DIY CNC Router – Post 6: Stepper motor and driver upgrades


So the incy-wincy NEMA17 stepper motors and Pololu a4988 drivers I had did not cut the mustard – not enough torque to move my axes. I had had a nagging feeling from day 1 that the little NEMA17s were not going to be up to the job – kind of wish I had not invested time in fitting them to my machine. That’s what ‘winging it’ does for you, right?

So I upgraded, I bought three NEMA24 motors (3.1Nm, 3.5A) and four M542T drivers (one extra for the z-carriage I bought, which has an NEMA23 integrated into it) from steppersonline.com. I also bought a 36V 10A power supply. Amazing turnaround from that website – my order arrived in 3-4 days! And the way it was packed into the delivery box was a work of art, and/or the work of an autistic chinaman. I wish I had taken a photo.  The photos below show the before and after motor and driver-wise.

NEMA24 on the left, old NEMA17 on the right: a tractor vs a push lawn mower.

Little Pololu a4988 drivers in the foreground: the big black things the new M542T drivers.

As you can (kind of) see in the photo above, I have it all wired up. Unfortunately, the new drivers did not fit in my wine control box, so I had to mount them on top, like those cars where the engine sticks through the bonnet. The writing on the wood is my ‘reminder’ on how I connected everything because I inevitably come back to something 6 months on and cannot work out how I…well…worked it out the first time.

The Protoneer Arduino shield accepts the Pololu drivers, they mount neatly on the shield. Obviously, the M542Ts don’t plug in – they are little too grown up – so I had to work out how to get one talking to the other. I found a couple  of images on Instructables (here and here) which gave me enough clues to work it out:

  • Despite the 16 pins on the a4288 drivers, you only need four of them to connect to an M542T: Enable, Step (Pul on the M542Ts), Dir and Ground.
  • You put the motor power straight (in my case 36V) into the M542T drivers (so you don’t put any power into the CNC shield terminals), the CNC Shield gets the power it needs to do microcontroller stuff from the Arduino.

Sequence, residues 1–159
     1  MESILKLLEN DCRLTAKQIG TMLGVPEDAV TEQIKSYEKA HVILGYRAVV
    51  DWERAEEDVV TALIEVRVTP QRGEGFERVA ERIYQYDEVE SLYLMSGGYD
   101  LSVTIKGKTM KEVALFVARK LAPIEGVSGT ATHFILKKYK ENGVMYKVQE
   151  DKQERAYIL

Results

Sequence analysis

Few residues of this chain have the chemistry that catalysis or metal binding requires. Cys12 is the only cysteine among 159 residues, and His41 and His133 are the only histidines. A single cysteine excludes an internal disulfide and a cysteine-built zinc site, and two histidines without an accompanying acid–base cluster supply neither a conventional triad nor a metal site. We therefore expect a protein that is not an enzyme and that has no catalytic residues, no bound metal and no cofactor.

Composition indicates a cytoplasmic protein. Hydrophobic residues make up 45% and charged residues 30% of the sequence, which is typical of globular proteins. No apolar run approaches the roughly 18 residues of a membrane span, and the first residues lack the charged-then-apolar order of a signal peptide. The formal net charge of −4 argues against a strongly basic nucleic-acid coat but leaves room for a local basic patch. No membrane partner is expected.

DIP settings for the M542T driver

There are 8 little DIP (dual in-line package…who knew!) switches on the M542T drivers. And the drivers are so big that they have tables on the side of them to tell you what they all do.

I found this table for the current output for the driver. I erred on the side of caution to start and equated the peak current with the rated current for my motors. I then threw that caution to the wind and matched the RMS current to the motor rated current. This decision was based entirely on me skimming the pictures on this website and thinking their logo looked legit and they (i) knew what they were on about, and (ii) it applied to my setup. Hum? So I am OFF-OFF-OFF for all my motors except the z-axis.

Peak Current RMS Current SW1 SW2 SW3
1.5A 1.0A ON ON ON
2.0A 1.4A OFF ON ON
2.4A 1.7A ON OFF ON
2.8A 2.0A OFF OFF ON
3.2A 2.3A ON ON OFF
3.7A 2.6A OFF ON OFF
4.2A 3.0A ON OFF OFF
4.5A 3.2A OFF OFF OFF

I found this table too, for the micro stepping. I have mine at ‘8’.

Microstep Steps/rev.(for 1.8°motor) SW5 SW6 SW7 SW8
2 400 ON ON ON ON
4 800 ON OFF ON ON
8 1600 ON ON OFF ON
16 3200 ON OFF OFF ON
32 6400 ON ON ON OFF
64 12800 ON OFF ON OFF
128 25600 ON ON OFF OFF
256 51200 ON OFF OFF OFF
5 1000 OFF ON ON ON
10 2000 OFF OFF ON ON
25 5000 OFF ON OFF ON
50 10000 OFF OFF OFF ON
125 25000 OFF ON ON OFF
250 50000 OFF OFF ON OFF

Wiring Bugs

I read a blog post once about how bugs there are in computer code. I re-found the article here. He quotes someone else who do the same (and I am going to ‘re-tweet’ what the blogger said):

a) Industry Average: "about 15 - 50 errors per 1000 lines of delivered
code."
(b) Microsoft Applications: "about 10 - 20 defects per 1000 lines of code
during in-house testing, and 0.5 defect per KLOC (KLOC IS CALLED AS 1000 lines of code) in released
product 

Two observations: one bug every 2000 lines from Microsoft seems a lot. And statistic (a)…ouch.

Anyway, it’s a real bug-bear (no pun intended – is that a pun?). Bugs. Actually, I am not sure its ‘bugs’ per se, but more innocuous unintended I-knew-what-I-meant-to-type little errors. And it’s not just code – it’s when writing prose too. I HATE when I read typos in other people’s reports and stuff, BUT if I re-read one of mine a couple of days after it is riddled with them.

One might say they are due to sloppiness. I am not sure about that. When you re-read something you just wrote, your clever (but lazy) little brain just won’t see them.

I use Grammarly on this blog to try and squash some of them, but Grammarly is not really intended for that. I have a notion in my mind how I could do it a little better if I find the time. Anyhow.

Getting to my point. I was SUPER careful with my wiring. I spend a whole day on it, checking and rechecking. A day wasted (I thought at around 6 pm) because I had made one ‘little error’…I had connected (+) to (-) and vice-versa…I noticed after powering up the first time. Nothing. There were no green lights on my driver, just a little wisp of smoke from one – perhaps a little smoke signal saying “you F!*ked up”.

In the morning, grumpily having accepted that I was pretty sure I was going to have to order four new drivers I ignored reason, switched my (+) and (-). It worked. I am going to ignore the smoke.

 

 

 

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